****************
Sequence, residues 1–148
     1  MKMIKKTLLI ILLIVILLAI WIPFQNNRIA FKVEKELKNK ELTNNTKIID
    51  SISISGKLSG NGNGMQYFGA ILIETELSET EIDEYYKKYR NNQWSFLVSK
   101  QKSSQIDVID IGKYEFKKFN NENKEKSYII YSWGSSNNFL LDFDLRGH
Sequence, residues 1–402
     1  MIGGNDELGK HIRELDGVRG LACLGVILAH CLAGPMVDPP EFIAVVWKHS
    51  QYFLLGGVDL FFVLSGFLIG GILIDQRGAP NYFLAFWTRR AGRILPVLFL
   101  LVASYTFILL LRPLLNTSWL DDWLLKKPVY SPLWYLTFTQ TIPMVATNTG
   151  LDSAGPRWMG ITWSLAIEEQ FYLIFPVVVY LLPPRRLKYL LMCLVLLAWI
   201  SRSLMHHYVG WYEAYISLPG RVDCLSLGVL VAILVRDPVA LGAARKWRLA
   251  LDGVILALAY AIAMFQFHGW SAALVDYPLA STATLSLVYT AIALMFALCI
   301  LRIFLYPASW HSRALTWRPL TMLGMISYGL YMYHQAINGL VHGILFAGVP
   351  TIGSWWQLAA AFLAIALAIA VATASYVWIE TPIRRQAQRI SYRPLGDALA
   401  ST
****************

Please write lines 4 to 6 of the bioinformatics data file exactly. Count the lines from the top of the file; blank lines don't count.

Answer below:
   101  QKSSQIDVID IGKYEFKKFN NENKEKSYII YSWGSSNNFL LDFDLRGH
Sequence, residues 1–402
     1  MIGGNDELGK HIRELDGVRG LACLGVILAH CLAGPMVDPP EFIAVVWKHS